A i n f l u e n c e = ( A d V b A b V b ) + ( A d V d A b V d ) 2
where A d V b is the auditory /d/ paired with the visual /b/; the same notation is used for the other stimulus combinations. The amount of visual influence when the two modalities provide incongruent information is shown by the difference in response proportion between the visual phonemes at the two auditory continuum endpoints, values of which are then averaged together:
V i n f l u e n c e = ( A b V d A b V b ) + ( A d V d A d V b ) 2
Given previous results [32,33,34,35,36,37], we predicted that the model should show that visual influence is small early in development and larger later in development, whereas auditory influence is large early in development and smaller later in development (see Figure 1b).
In Simulation 1, we examine the acquisition of /b/ vs. /d/ distinctions, and in Simulation 2, we examine /b/ vs. /ɡ/ distinctions. In both cases, the difference between the bilabial consonant and the other phoneme should be conveyed reliably by visual information in addition to being cued by auditory differences. Note that we did not train the model on all three phonemes simultaneously because the acoustic and visual cues used here do not reliably distinguish /d/ and /ɡ/ (see Discussion for further consideration of this point).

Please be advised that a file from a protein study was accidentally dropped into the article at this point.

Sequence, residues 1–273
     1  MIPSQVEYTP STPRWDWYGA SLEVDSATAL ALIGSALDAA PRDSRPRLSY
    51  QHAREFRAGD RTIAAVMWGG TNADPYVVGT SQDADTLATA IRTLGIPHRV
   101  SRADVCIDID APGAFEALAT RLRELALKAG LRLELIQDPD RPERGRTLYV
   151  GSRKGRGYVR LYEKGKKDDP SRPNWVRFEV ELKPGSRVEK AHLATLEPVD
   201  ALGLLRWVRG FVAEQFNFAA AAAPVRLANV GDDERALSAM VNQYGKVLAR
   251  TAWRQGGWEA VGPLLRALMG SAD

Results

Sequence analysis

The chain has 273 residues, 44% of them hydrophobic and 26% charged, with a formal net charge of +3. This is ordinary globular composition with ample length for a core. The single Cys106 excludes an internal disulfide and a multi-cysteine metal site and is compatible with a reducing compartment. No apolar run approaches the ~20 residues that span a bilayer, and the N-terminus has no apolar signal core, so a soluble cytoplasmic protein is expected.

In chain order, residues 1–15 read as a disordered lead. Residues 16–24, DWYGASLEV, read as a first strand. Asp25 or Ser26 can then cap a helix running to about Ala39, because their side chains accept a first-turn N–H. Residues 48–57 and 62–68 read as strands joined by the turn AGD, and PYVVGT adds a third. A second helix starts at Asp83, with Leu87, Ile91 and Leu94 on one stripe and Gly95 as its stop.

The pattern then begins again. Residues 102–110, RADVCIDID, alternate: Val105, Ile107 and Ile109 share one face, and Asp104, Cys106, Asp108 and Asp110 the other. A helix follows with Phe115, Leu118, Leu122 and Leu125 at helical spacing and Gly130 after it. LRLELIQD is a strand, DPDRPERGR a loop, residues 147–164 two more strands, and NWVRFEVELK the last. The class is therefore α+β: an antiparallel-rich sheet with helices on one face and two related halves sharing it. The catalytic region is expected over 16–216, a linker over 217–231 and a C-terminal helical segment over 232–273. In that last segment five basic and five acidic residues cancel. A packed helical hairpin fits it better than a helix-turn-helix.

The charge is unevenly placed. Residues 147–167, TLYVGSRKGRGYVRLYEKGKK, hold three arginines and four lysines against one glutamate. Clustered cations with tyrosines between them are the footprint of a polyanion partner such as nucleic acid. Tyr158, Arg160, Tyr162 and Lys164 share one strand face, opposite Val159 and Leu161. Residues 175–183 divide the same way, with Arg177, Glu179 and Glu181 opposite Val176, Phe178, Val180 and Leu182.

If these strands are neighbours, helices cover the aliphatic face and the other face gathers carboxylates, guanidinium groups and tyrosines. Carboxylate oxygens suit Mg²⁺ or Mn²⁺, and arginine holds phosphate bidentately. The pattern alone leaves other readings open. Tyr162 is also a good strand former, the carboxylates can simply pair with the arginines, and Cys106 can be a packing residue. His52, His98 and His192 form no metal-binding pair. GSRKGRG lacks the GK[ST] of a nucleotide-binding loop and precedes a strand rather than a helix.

2. Method

The model is based on Toscano and McMurray’s [59] Gaussian mixture model (GMM) of cue integration, implemented in MATLAB. A brief overview of the model architecture and learning algorithms are given here, including modifications from the original implementation and the details of the procedures used to train the model for the current simulations. Critically, this approach does not require the modeler to specify (1) the number of phonological categories; (2) their statistical properties; or (3) the weight that should be assigned to each cue. This information must be acquired by the model using the same types of unsupervised statistical learning mechanisms available to human infants [51].

2.1. Model Architecture

The model represents phonological categories as parametric Gaussian distributions. Each acoustic and visual cue dimension is represented as a mixture of Gaussians, with K components (i.e., potential categories) in each mixture. To map a cue (i) onto a category (j), we compute the likelihood of a specific cue-value (x) for each Gaussian in the mixture (see Figure 2a),
G j x i | μ j , σ j , ϕ j = ϕ j 2 π σ j 2 e x p x i μ j 2 2 σ j 2 ,
where x is the cue-value, μ is the mean for that Gaussian, σ is its standard deviation, and ϕ is its frequency of occurrence. The overall likelihood for a particular cue is given by the sum of the Gaussians in the mixture,